WONG Hock Seng used to run a major property company in Kuala Lumpur. But after seeing several of his colleagues stricken with cancer, he went into raising “better than organic” grass-fed chickens in 2001.
Realising that chicken farming in Malaysia was an “industry” where the birds are packed tightly together and often fed with antibiotics to keep them alive, he decided to establish his DQ Clean Chicken Farm in the green hilly area of Bukit Tinggi, Pahang.
No hormones, no growth promoters, no sub-therapeutic antibiotics, no toxic chemicals, no banned drugs – goes his slogan.
“My chickens can roam about as each one has 2.3sqm to 3.7sqm. They wander the organic fields eating grass, legumes, vegetables and natural foods such as insects.”
He does not use fish meal as there are reports that these are contaminated with chemicals. Instead he cooks corn and fish which are raised on his own farm.
Commercial “broiler chickens” are bred to grow fast. They are fed mostly with cornmeal pellets and slaughtered at around 40 days.
“In the old days, ayam kampung or choy yin kai were bred for 60 to 70 days,” he recalls.
Wong underlines that this sort of “express growth” comes at a price – where the ratio of bad to good cholesterol (Omega 6 versus 3) is as high as 60 to 1 in such chickens.
“If you take a lot of Omega 6, after 10 or 15 years it will get you eventually through the narrowing and hardening of arteries, obesity, high blood pressure, arthritis, eyesight problems and heart attack,” Wong cautions.
“Omega 6 really makes you age and affects your skin and beauty, too.”
His specially selected grass-fed chicken breeds are allowed to grow up to 85 days and he shows me lab tests where the ratio of Omega 6 to 3 is as good as 4:1. Whereas ayam kampung are a bit tough and bony, he says his chicken breeds are more tender and meaty.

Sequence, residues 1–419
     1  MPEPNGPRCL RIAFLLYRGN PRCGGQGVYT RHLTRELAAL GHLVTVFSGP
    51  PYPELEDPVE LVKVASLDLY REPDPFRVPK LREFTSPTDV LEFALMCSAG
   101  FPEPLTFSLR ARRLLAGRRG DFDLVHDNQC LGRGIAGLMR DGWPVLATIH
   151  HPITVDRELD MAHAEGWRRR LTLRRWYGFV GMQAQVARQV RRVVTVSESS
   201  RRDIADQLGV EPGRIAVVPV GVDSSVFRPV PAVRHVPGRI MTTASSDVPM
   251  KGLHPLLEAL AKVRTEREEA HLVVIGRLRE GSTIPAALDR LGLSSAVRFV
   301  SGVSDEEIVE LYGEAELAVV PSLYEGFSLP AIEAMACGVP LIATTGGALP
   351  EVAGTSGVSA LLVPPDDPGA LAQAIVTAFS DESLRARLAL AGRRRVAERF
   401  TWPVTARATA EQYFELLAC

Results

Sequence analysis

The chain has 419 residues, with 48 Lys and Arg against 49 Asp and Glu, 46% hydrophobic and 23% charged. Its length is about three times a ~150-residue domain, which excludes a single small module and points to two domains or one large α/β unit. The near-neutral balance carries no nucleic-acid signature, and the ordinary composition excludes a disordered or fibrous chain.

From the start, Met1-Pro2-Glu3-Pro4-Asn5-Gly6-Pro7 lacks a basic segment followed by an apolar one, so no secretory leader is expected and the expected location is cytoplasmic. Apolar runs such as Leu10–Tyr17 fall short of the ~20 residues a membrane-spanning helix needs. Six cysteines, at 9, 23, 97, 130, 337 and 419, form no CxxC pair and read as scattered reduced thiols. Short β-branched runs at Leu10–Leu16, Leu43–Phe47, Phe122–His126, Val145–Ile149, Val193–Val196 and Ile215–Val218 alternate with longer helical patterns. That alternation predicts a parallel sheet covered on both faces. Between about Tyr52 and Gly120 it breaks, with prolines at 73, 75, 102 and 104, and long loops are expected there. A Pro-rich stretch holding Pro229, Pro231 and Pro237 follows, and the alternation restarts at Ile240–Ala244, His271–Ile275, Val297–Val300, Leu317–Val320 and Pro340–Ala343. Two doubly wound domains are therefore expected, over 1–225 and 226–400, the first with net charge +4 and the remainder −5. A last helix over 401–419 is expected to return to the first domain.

Wong believes that when commercially raised chickens are packed together, it’s a potential hotbed for bird flu.
“A virus can jump rapidly from bird to bird and mutate. This is the problem with intensive, fast farming.”
He adds that many commercial chickens are washed by being dipped in disinfectants like chlorine whereas he uses a special blend of organic acids.
Nothing is wasted at DQ farm. Chicken waste is composted to become fertiliser for organic durians – or even used to make fly traps!
“On normal farms, chicken dung fertiliser will attract many flies, which then causes farmers to spray pesticides,” he explains.
“I tackle the flies organically by putting chicken dung into a container above my fish pond. The flies lay eggs there and when the maggots hatch, they fall straight down to feed my tilapia or soon hock (marble goby) fish!”
He recallshow his own doctor got colon cancer in his 40s.
“When I asked him what was the single most important thing to watch out for, he said it was food.” – n For more information, check dqcleanchick en.com or call 03-4251 6580 / e-mail: hs_ email@example.com
Wong Hock Seng, the founder of DQ Clean Chicken, says that chemicals contaminating our food is a problem with the whole system.